After 24 public meetings and input from over 300 people, El Paso’s Children’s Museum is coming to life.

The museum’s board of directors unveiled the master plan for Spark on Wednesday evening. Gyroscope Inc., a museum and exhibition design firm, shared ideas and renderings for the various exhibit galleries that will one day educate and entertain thousands of families in El Paso. Three architecture firms will compete to design the new museum. Their concepts will soon be presented to the El Paso community as well as a jury of peers who will vote to determine the winner. The selected firm will partner with a local architecture firm to build the new museum. The finalists are KoningEizenberg Architecture, Snohetta, and TEN Arquitectos, all internationally recognized organizations.

“Public input from over 300 voices strongly supported a focus on STEM (Science Technology Engineering Math), and more specifically, STEAM (STEM+ Arts),” read a presentation sent to El Paso 411. “The new attraction will be a portal to possibilities beyond, a place to dream big and discover anything is possible. Unique and iconic visitor experiences will emphasize imagination, creativity, and innovation while strengthening process-oriented 21st-century skills such as collaboration, critical thinking, and cooperation, necessary for today’s workforce.”

Spark will be located in the heart of the downtown arts district, in place of the former Greyhound bus maintenance station. In the presentation, nine zones of interactive exhibits complete the approximately 40,000 square foot building, in addition to maker spaces and art studios, classrooms, program areas, temporary exhibitions space, café, and retail spaces.

Four exhibits were presented, including a whimsical three-story climber and a fantastic water play exhibit on the roof. The project, a part of the $473.2 million historic 2012 quality of life bond election, will come to reality in 2018 when workers break ground and will open in 2020, although dates may change. We’ll keep you posted on updates. See below for descriptions and renderings.


• Whimsical, out-of- the-ordinary and unexpected, the three-story Anything’s Possible Climber invites visitors to defy gravity, work together to control moving parts, affect colors through movement, and explore in an imaginative, vertical adventure.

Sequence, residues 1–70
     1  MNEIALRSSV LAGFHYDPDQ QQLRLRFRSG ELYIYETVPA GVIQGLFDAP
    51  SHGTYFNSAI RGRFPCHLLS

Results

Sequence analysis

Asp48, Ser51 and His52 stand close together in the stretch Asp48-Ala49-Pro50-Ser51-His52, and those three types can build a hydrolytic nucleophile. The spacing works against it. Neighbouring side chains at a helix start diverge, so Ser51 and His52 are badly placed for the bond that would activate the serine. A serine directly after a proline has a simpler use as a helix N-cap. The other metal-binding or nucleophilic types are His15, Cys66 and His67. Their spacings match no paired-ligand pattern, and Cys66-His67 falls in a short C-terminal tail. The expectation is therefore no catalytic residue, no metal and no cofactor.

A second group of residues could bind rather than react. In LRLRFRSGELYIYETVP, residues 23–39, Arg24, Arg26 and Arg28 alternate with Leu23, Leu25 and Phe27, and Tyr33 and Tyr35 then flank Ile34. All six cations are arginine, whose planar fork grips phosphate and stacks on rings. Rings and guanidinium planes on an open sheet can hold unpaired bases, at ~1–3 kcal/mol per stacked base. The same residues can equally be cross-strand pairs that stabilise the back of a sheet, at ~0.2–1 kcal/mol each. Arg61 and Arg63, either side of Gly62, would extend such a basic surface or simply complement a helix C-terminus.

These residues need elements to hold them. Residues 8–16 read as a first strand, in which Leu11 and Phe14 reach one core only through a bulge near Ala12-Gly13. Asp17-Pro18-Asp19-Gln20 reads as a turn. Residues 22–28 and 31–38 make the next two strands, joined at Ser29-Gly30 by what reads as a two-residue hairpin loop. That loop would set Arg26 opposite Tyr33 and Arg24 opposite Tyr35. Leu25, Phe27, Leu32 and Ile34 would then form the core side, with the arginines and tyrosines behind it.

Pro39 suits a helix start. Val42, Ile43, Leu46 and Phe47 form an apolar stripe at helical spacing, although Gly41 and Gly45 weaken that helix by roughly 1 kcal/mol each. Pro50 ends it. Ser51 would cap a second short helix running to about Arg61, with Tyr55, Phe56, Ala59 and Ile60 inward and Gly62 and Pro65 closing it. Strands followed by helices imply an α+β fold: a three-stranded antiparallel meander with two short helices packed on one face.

• Embracing universal design, the Climber provides opportunities for all ages and abilities to problem-solve with their bodies, exercise their sense of direction, take safe risks, and build confidence to try new things.
• An early childhood area at the base allows parallel play for the youngest visitors, while caregivers monitor the exit route for older children.
• Out-of- the-ordinary takes on El Paso connections are inspired by innovations ranging from the aerospace industry to ways of scaling the Franklin Mountains.
•The design encourages visitors to dream big and question what is possible.



• Dramatic interactions with weather from around the world to harness the sun, wind, and rain energy in unexpected ways.
• Visitors design and build an immersive Weather City in weird and wonderful ways to meet challenges of temperature, rainfall, wind speed, humidity and location.
• Children report on the weather location to set the challenge and then power the grid through a variety of hand and bike generators, encouraging predictions of cause and effect.
• Wind Face is a slow mo’ selfie station to record visitors’ faces in different wind conditions from around the world.
• A quiet area explores rainbows creating a magical place to re-charge, take a time out, decompress.


• For birth to 3 years-olds and their caregivers, Desert Bloom provides a wide range of sensory experiences from very active to very quiet
• Themed around the Chihuahuan Desert, the ‘blooms’ are connections to the spectacular display in the local environment as well as impressive developmental changes in blooming babies and toddlers.
• Sensory sandscape uses colored light to amplify the patterns and textures of children’s sand play.
• The crawl-through Velcro cacti represent a few of the 1500 species found in the local desert. Children attach descriptive tactile words and different animals while activating sounds.
• An undulating landscape of dunes is a place for practicing gross motor skills and a gathering space for cuddling, crawling, rolling, climbing
• An overhead butterfly mobile represents pollination of desert blooms, leading up to a book nook-a calm area for reading, rest and a recharge
• Within the gallery space are facilities for nursing, snacks, diapering, hand-washing, and
plenty of stroller parking


• Situated on the rooftop, this indoor/outdoor zone has a spectacular location for a range of experiences playfully connecting to the sky.
• An iconic airplane shade structure keeps things cool and sets the tone for thinking outside of the box! A dramatic visitor experience and a one-of- a kind event rental space!
• Agua Beta challenges visitors to move water uphill, engineer a whimsical irrigation system, and trigger a tidal wave on the digital screens.
• Manipulate locks and dams to move boats up river.
• Colored light, reflections and bubbles make playful connections with the sun, surroundings and the sky.

El Paso 411 🔭